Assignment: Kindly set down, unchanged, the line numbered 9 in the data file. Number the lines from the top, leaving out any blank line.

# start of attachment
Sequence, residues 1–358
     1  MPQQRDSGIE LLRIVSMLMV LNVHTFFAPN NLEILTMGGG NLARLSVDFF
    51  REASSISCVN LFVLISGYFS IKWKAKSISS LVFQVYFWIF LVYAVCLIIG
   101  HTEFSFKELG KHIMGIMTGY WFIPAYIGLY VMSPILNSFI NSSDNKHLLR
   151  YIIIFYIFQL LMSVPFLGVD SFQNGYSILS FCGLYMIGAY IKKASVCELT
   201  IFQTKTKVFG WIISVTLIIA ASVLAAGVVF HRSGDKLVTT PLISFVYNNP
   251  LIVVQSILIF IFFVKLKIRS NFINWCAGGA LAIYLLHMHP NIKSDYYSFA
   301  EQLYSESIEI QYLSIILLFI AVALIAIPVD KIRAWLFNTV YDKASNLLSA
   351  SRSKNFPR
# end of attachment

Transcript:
   351  SRSKNFPR